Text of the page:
Об этой статье мне рассказала моя подруга, очень хорошая хозяйка. Ее http://www.yangl.ru/?p=2144 меня поразил, но я попробовала приготовить это блюдо и пришла в полный восторг. Это очень вкусно! By late 1860 many Northerners believed James Buchanan supported the southern states in their drive toward secession. Numerous critics went so far as to consider him a traitor. Buchanan reacted with consternation and professed a strong attachment to the Union—though one in which slavery would be protected as a property right in the western territories. His reaction to secession when it finally came reinforced northern skepticism; for the most part, he simply stood back and watched. James Buchanan 121 Maybe political leader William H. Seward was right. An "irrepressible conflict” had been reached that no president, in fact no human being, could settle without bloodshed. But Buchanan’s sectional bias and strained legalism made war all the more likely and assured that when Southerners gathered arms, confiscated forts, and declared their own independent nation in his last weeks as president, the federal government would act with meekness rather than strength. k James Buchanan was born on April 23, 1791, in a one-room log cabin near Mercersburg, Pennsylvania, where hills, oak groves, and farms dominated the landscape. He was one of 11 children. His father, also named James, had emigrated from Ireland and operated a trading post where he earned a reputation as a canny and arrogant businessman. In contrast, his mother, Elizabeth Speer Buchanan, embraced a modest, Christian life, dedicating herself to deciphering God’s will and making it to heaven. The elder Buchanan moved his family to town when James was six, buying a two-bedroom brick house that served as both home and business for his mercantile trade. Young James attended school at the local Old Stone Academy, where he studied Latin and Greek. In 1807 he enrolled at Dickinson College in Carlisle, Pennsylvania. At first he tended to his studies; then, in an effort to become more popular, he began smoking, carousing, and drinking heavily. He later said, "Without much natural tendency to become dissipated, and chiefly from the example of others, and in order to be considered a clever and spirited youth, I engaged in every sort of extravagance and mischief.” The college reacted by expelling him, perhaps more in the hope of shocking him into changing his ways than preventing him from returning. If that was the intent, it worked. After James promised to temper his social life and tend to his studies, the college readmitted him, and he graduated in 1809 with a reputation for ambition, if not also the arrogance found in his father. He went on to study law, and in 1812 he began his practice in Lancaster. That same year the United States went to war against Britain, and during the conflict James Buchanan decided he would help defend Baltimore. He joined a volunteer regiment and headed south, but the only duty he saw was to confiscate horses for use by the army. After returning home, Buchanan ran for the state legislature in 1814 as a Federalist and won. He retired after two terms to concentrate on his law career and by age 27 amassed considerable wealth. In 1818 he fell in love with Ann Coleman, daughter of an iron-mill owner in Lancaster, and proposed marriage. She accepted, but her parents disapproved. They thought Buchanan wanted to marry their daughter for one reason: money. As a result, Ann broke off the engagement. She then slid into a depression and soon after died under mysterious circumstances. Town rumors said she committed suicide, but that was never proven. The Colemans blamed Buchanan for her death and barred him from the funeral. He never fully recovered from the emotionally racking experience and never married. Buchanan returned to public office in 1820 when he won election to the U.S. House of Representatives. With the Federalist Party dying and his own ambition thriving, in 1824 he announced his support of Andrew Jackson in the presidential race. Jackson lost, but Buchanan took the lead in creating an "amalgamation” of Federalists and Jacksonians in western Pennsylvania. In 1828 he forcefully expressed his attachment to the new alliance when he verbally attacked incumbent president John Quincy Adams as despotic, immoral, and corrupt. He then devoted his efforts to obstructing the Adams program in Congress as a way to boost another presidential run by Jackson. His support for Jackson, who won the presidency that fall, made for a case of strange 122 James Buchanan bedfellows. The two politicians differed on several issues. Buchanan, for example, wanted a high protective tariff, a policy Jackson never subscribed to, though while serving in Congress he did vote to increase rates on several occasions. Further, the Jacksonians appealed to the masses, while the Federalists distrusted them. Yet both men believed in a vigorous executive branch. Buchanan also often disregarded issues in finding a vehicle that would advance his career. Some called him a blatant opportunist, moving in whatever direction the political weather vane pointed. That he won reelection to Congress in 1828 under the banner of the new Democratic Party testified both to his hard work in building an organization to replace the Federalists and to his political agility. Four years later, President Jackson appointed him minister to Russia. Buchanan accepted though with disappointment, for he wanted a more prestigious position and hoped to become Jackson’s running mate in the fall election. He set sail for the Russian capital of St. Petersburg in the spring of 1832 on a mission, he said, "in which my heart never was: to leave the most free and happy country on earth for a despotism more severe than any which exists in Europe.” For all his reluctance he achieved a diplomatic victory when he arranged America’s first trade agreement with Russia. The treaty provided for reciprocity, meaning the ships of each country would receive treatment equal to that received in the ports of the other. In practice, the treaty benefited the United States most, for the number of American ships visiting Russian ports far exceeded those sailing the other way, and Russian regulations were more burdensome than American ones. Buchanan returned from Russia in 1833 and won election to the U.S. Senate in 1834, where he served 11 years. Known as a conservative Democrat with a reputation for caution, he chaired the Foreign Relations Committee, and on several occasions he criticized the expanding activities of abolitionists. James Buchanan wanted the presidency in 1844, and several leading Democrats promoted him. But the party turned instead to Andrew Jackson’s choice, the expansionist James K. Polk of Tennessee. Buchanan worked hard for the nominee, and Polk rewarded him by appointing him secretary of state. The cabinet position was considered a stepping-stone to the White House and certainly encouraged Buchanan’s own ambition. In 1846 he won praise from expansionist Americans for negotiating the acquisition of Oregon with Britain. Polk and Buchanan, however, fought almost constantly over important issues. The president grew exasperated with the Pennsylvanian’s frequent changes of position, changes that convinced him Buchanan thought only about what could get him elected president. In one incident after the U.S.-Mexican War had begun, Buchanan argued that the president should renounce any territorial ambition. Polk refused. Later, with victory for the United States in sight, Buchanan advised the president to acquire as much territory as possible. Polk recorded in his diary: "I cannot help laboring under the conviction that the true reason of Mr. Buchanan’s present course is that he is now a candidate for the Presidency, and he does not wish to incur the displeasure of those who are in favour of the conquest of all Mexico.” In fact, those who wanted more land were Southerners, the very constituent group Buchanan closely identified with when he became president. Polk was correct about his secretary of state: Buchanan was indeed maneuvering for the White House in 1848, but he lost the Democratic nomination to Lewis Cass of Michigan. He subsequently retired to an estate he had recently purchased outside of Lancaster, named Wheatland, with spacious rooms, broad lawns, and towering oaks. There he lived as a country squire. He tried a third time for the presidential nomination in 1852, but Franklin Pierce, a largely unknown politician from New Hampshire, defeated him. In spring 1853 Pierce appointed Buchanan minister to Britain. James Buchanan 123 At any other time the appointment may have ended his domestic political career, taking him far from the public stage and making him forgettable. But in the mid-1850s the appointment helped him, for it removed him from the vicious sectional battles then being fought in Congress and elsewhere over whether to extend slavery into the western territories. His assignment across the Atlantic also kept him distant from the unpopular Pierce administration and its many blunders. Yet Buchanan did not escape every mistaken policy, and he actually contributed to one that helped ruin Pierce’s presidency. In October 1854 he and two other American ministers, Pierre Soule and John Y. Mason, met in Belgium to formulate a policy toward Spain over the slave island of Cuba. They wrote the Ostend Manifesto, in which they recommended the United States try to buy Cuba or, if Spain refused to sell the island, to take it forcibly. Pierce never accepted the recommendation, but in March 1855 the manifesto was published in newspapers and greatly angered Northerners. The emerging Republican Party pointed to it as proof Pierce wanted more slave territory to placate the South. Buchanan’s involvement in the Ostend Manifesto worked to his benefit, however, by raising his standing among Southerners. As a result, when the 1856 Democratic National Convention met, his diplomatic experience helped him in two ways. First, many delegates from the North and West supported him for president because he had been away from the heated debate over the Kansas-Nebraska Act, while southern delegates supported him because he seemed sympathetic toward slavery. Two other candidates for the nomination, President Pierce and Senator Stephen A. Douglas of Illinois, had made enemies over the Kansas issue. As a result, after 15 ballots the convention nominated Buchanan for president. Buchanan ran against John C. Fremont of the Republican Party and former president Millard Fillmore of the Know-Nothing Party. In November the Pennsylvanian won less than 50 percent of the popular vote but a majority in the electoral college, with 174 votes to Fremont’s 114 and Fillmore’s 8. As Buchanan’s inauguration neared, the nation prepared for another explosion over slavery. The Supreme Court had before it a suit by Dred Scott, a slave who was claiming his freedom because at one point, from 1834 to 1838, his master had taken him into Illinois and into Wisconsin Territory, both of which forbade slavery. The court could rule for or against Scott, or it could take another route and refuse to rule at all. Buchanan wanted a decision, one that would resolve the issue of slavery in the territories. The five southern justices on the court stood ready to rule against Scott, but without support from a northern justice they hesitated, lest their decision appear completely sectional. With the case in the balance, Buchanan secretly contacted one of the justices, Robert C. Grier of Pennsylvania, and pressured him to join his southern colleagues. Grier wrote back to the president-elect: "We fully appreciate and concur in your views as to the desirableness . . . of having an expression of the opinion of the Court on this troublesome question.” Buchanan’s contact with Grier violated court ethics. He and Grier were close friends and political allies, and Buchanan well knew the justice’s sympathy for the South. According to historian Roy F. Nichols, "Buchanan always had desired to be a member of the Supreme Court; in this instance he practically participated in their deliberations and influenced their judgment.” That the president-elect ever thought the North would accept a decision against Scott testifies either to his misreading of the political crisis or how far he was willing to go to protect southern interests. At his inauguration Buchanan pledged himself to one term as president; then, knowing the Supreme Court decision would come at any moment and would likely favor the South, he said he would abide by whatever ruling the Court chose to issue. Belying the crisis, the capital was filled with revelers, who at his inaugural ball consumed 500 gallons of oysters, 124 James Buchanan 800 chickens, and 100 gallons of ice cream, along with venison, beef, turkey, pheasants, ham, and lobster. Just two days after the celebration, the Supreme Court made its decision public: As a slave, Dred Scott was not a citizen of the United States; his temporary residence in free territory had not ended his bondage; and the Missouri Compromise of 1820 prohibiting slavery in most of the Louisiana Purchase territory was unconstitutional because it deprived persons of their property without due process of the law. In effect, the decision prohibited Congress from preventing slavery in the western territories. No other decision could have caused greater outrage in the North. Theoretically, at least, the Court was saying slavery could even expand into the free states—no law could stop it. As a result, Buchanan began his administration with sectional animosities increasing rather than lessening and with many Northerners suspecting he had some involvement in the Dred Scott case. Making his standing worse, a financial panic in 1857 damaged the economy. That the downturn was more severe in the North than in the South only caused Southerners to say it showed northern depravity and the superiority of the southern economy. Buchanan’s greatest challenge—the very survival of his administration, if not the nation—came in Kansas. Under President Pierce, proslavery and antislavery (Free-Soil) settlers had established separate governments in the territory. James Buchanan, however, appointed a new governor, Robert J. Walker, to resolve the crisis. Walker, a former secretary of the treasury, hailed from Mississippi but was a strong unionist. Before he could arrive in the beleaguered territory, the proslavery government in the Kansas town of Lecompton called for a convention to write a constitution and proceeded to schedule an election to choose delegates for it. Free-Soil leaders in nearby Lawrence called the election procedure rigged, saying it ignored the free-state residents, who by then composed a clear majority in the territory. The balloting for delegates was held in June 1857. The rules established at Lecompton kept half the Free-Soilers from voting, while the other half staged a boycott. Consequently, the Lecompton convention met in October and wrote a constitution filled with proslavery provisions, including prohibiting the freeing of slaves already in Kansas—numbering 200—and strict enforcement of the federal Fugitive Slave Law. The convention scheduled a popular vote for December 21, whereby residents could decide for the "Lecompton constitution” with or without slavery, but if the "without slavery” version were chosen, it would only prohibit the introduction of new slaves and do nothing about the slavery that already existed. In addition, the balloting was to be supervised by the proslavery government. Northerners branded the arrangement fraudulent. Democratic leader Stephen A. Douglas, who in the 1850s promoted popular sovereignty—the right of the residents in a territory to vote whether or not to permit slavery— found himself under pressure from his constituents in Illinois and from newspapers to oppose the Lecompton constitution. Thus, for both political reasons and because he thought the arrangement in Kansas an affront to popular sovereignty, he met with President Buchanan and announced his opposition to the document. Buchanan responded by saying he believed the Lecompton constitution was legitimate. He added that Kansas must be admitted into the Union quickly to defuse the sectional crisis and weaken the new Republican Party, which with its free-soil platform was gaining strength from the Kansas controversy. Buchanan warned Douglas: "I desire you to remember that no Democrat ever yet differed from an Administration of his own choice without being crushed.” In reference to the weakened state of the presidency compared to years earlier, Douglas replied: "Mr. President, I wish you to remember that General [Andrew] Jackson is dead.” James Buchanan 125 Due to its divided condition, Kansas held two votes on the Lecompton constitution. The one arranged by the proslavery government ended in 6,143 ballots for the document with slavery and 569 against it—but most Free-Soilers refused to participate, and in any event the tally included many fraudulent votes. The Free-Soil government held a referendum in which the constitution was soundly defeated—a more accurate reflection of opinion given the greater number of antislavery settlers in the territory. In February the U.S. Senate approved the Lecompton constitution and slavery for Kansas by a vote of 33-25. That result came only after much wheeling and dealing by President Buchanan, including both threats and promises of higher office. When approval of the constitution stalled in the House, Buchanan was forced to propose a compromise, finalized by others, whereby Kansans would vote on a proposed federal land sale that at the same time would allow them to accept or reject the Lecompton constitution. In August 1858 the constitution went down to defeat by a large margin, 11,812 to 1,926. The Kansas debacle destroyed Buchanan. Southerners accused him of allowing Yankee politicians such as Stephen Douglas to engage in sneaky maneuvering that stole the election from the proslavery settlers. Northerners condemned him for siding with the Lecompton constitution. Added to this, the controversy helped the Republicans by allowing them to assume the mantle of democracy, based on their attacks against the proslavery government in Kansas. In the 1858 congressional elections, candidates who opposed the Lecompton constitution swept to victory. The Republican Party gained more seats, though Abraham Lincoln lost his senate race to Douglas, who publicized his stand against President Buchanan. No one could deny Buchanan’s humiliation, and for the remainder of his presidency he was nothing more than a figurehead. In 1859 John Brown staged his dramatic but failed raid on the federal arsenal at Harper’s Ferry, Virginia, in an attempt to incite a slave uprising. Passions flared again as Northerners hailed him as a hero and Southerners portrayed him as the vanguard of an abolitionist-led crusade to end slavery through bloodshed. As the 1860 presidential election approached, the Democratic Party split, torn asunder by Northerners and Southerners unable to compromise their sectional hatreds. In that setting the Republican candidate, Abraham Lincoln, won the presidency, although he had a minority of the popular vote, and his name was kept off the ballot in the South. Southerners in the Deep South had threatened to secede should the winner be Lincoln, a man they believed to be nothing less than an abolitionist who would destroy their civilization. They now intended to carry out their threat. In a message to Congress in December 1860, Buchanan placed blame for the sectional crisis on northern antislavery agitators. But he also advised caution and said Lincoln would respect the Constitution rather than usurp it and that, in any event, his power would be checked by the other branches of government. Buchanan wanted Congress to affirm the right of slavery in the territories, with popular sovereignty to be used whenever any territory petitioned for statehood. He also wanted action to strengthen the right of masters to their runaway slaves. Despite his message, the Deep South seceded; South Carolina left before Christmas Day, followed by Mississippi, Florida, Alabama, Georgia, Louisiana, and Texas. As Southerners seized federal arsenals and forts, President Buchanan was confronted with the need to show decisiveness; instead he showed timidity. Although he declared secession unconstitutional, he said the federal government had no authority to use force against the rebellious states. Buchanan obviously faced a conundrum: Should he do nothing, the South would grow more emboldened; should he use the military—itself in a weak state—he would ignite a full-scale war before Lincoln 126 James Buchanan even set foot in the White House. To make matters worse, the incoming president rejected Buchanan’s overtures for a meeting between them to develop a policy—understandably so from Lincoln’s view, because he wanted to avoid any association with the discredited chief executive. When Buchanan refused to reinforce the federal forts at Charleston, South Carolina, Secretary of State Lewis Cass resigned in protest. His departure from the cabinet stunned the president because Cass represented the moderate wing of the Democratic Party. Cass, however, had concluded Buchanan was too pro-southern. After Lincoln’s inauguration in March 1861, Buchanan retired to Wheatland, leaving the unresolved crisis in the new president’s hands. During the Civil War he supported Lincoln and said he would have reacted to the firing on Fort Sumter in the same way that Lincoln did. But most Northerners denigrated him. One said, "Buchanan is . . . as truly a traitor as was Benedict Arnold himself.” In his memoirs, James Buchanan expressed his strong feelings about the differences between North and South, saying: "The Constitution . . . expressly recognizes the right to hold slaves as property in states where slavery exists. . . . The southern states have rights guaranteed to them, and these rights I determined to maintain, come weal, come woe.” He added, "The abolitionists . . . scattered throughout the slave holding states pamphlets, newspapers and pictorial representations . . . calculated . . . to excite the wild and brutal passions of the slaves to cut the throats of their masters.” Shortly before his death on June 1, 1868, Buchanan insisted, "I have always felt and still feel that I discharged every public duty imposed on me conscientiously. I have no regret for any public act of my life, and history will vindicate my memory.” By then the Civil War had ended—a conflict that took more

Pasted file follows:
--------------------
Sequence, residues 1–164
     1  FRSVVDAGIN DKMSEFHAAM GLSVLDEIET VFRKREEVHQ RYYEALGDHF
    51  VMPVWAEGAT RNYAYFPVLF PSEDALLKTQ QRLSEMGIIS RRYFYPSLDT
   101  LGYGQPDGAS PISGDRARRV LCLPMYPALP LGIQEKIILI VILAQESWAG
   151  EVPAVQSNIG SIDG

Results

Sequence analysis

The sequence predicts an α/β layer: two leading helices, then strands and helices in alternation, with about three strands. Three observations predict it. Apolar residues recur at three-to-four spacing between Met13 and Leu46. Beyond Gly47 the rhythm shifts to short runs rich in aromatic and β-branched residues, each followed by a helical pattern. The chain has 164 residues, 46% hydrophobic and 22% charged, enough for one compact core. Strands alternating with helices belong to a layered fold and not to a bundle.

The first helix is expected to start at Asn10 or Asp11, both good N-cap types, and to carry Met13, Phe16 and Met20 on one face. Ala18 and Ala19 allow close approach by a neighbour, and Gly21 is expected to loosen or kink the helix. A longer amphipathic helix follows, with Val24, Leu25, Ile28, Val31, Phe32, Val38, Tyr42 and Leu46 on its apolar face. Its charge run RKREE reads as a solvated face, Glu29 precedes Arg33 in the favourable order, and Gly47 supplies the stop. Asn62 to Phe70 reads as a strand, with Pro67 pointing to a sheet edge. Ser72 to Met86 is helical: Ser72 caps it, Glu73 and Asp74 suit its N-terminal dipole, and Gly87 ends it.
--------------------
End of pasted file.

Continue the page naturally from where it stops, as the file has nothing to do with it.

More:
American lives than any other.